So when I was in the craft shop I took a wander over to the books and came across a book with forty crochet hat patterns in.  I like most of them, but some are a little outlandish and if one is looking for some more ethnic looking crochet hats you will find them in here too.  This is where I am getting my crochet beret pattern from.  When I got it up to the cash register it was forty percent off, so that was a nice surprise , so I used my fifty percent off coupon on my crochet hook that I needed. 

I have been looking into ergonomic crochet hooks, does anyone have any suggestions?  I would love to hear your comments on that. 

At the moment I am the only functioning adult in our house, Mr. B. definitely has the flu and has been off work for several days and does not seem to be getting better.  The Boy has a head cold and sore throat but not the flu I think.  I have felt, for well over a week that I should be catching something, but it hasn’t gone any further, but neither has it gone away, lots of sneezing and some coughing.  So with all us bed ridden and walking sick, the house is getting more and more into a disorganized state, with forays out to the wood pile to bring in wood to keep the wood stove going.  I think our supply of tin soups has just about been depleted, homemade soups in the freezer have long gone, I will have to make a pot of chicken soup, but that may have to wait until the weekend.  I do have next Monday off, Martin Luther King Day, yippee.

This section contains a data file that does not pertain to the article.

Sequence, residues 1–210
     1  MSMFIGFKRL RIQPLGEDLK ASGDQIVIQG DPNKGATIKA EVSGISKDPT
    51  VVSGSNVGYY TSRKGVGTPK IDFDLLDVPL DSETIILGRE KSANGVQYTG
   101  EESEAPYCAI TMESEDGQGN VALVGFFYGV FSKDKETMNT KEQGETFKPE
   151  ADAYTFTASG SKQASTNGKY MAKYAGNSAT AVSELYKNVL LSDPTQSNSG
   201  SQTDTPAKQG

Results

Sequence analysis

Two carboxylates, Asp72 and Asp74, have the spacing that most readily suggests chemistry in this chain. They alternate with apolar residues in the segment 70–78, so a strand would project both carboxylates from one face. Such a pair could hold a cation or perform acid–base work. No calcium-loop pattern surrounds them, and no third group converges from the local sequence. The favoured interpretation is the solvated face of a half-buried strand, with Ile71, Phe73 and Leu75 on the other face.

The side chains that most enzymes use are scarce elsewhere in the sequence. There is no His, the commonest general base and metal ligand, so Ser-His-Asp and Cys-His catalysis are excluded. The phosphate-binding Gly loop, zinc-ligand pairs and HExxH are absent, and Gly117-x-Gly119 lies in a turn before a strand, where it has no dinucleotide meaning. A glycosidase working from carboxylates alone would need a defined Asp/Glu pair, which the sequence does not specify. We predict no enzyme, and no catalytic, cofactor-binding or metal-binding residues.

I was looking at a Finnish blog called Hey Helsinki on Wordpress, a NZ girl living in Finland and she mentioned Korvapuusti, or slapped ears (they look like cabbage ears and thus hence the name) they are in fact a form of cinnamon bun.  I have a fancy to try making these, I may find a recipe in my International cookbook, or I will just look on line, and then it came to me how nice it would be to work my way through just some of the international recipes in the book.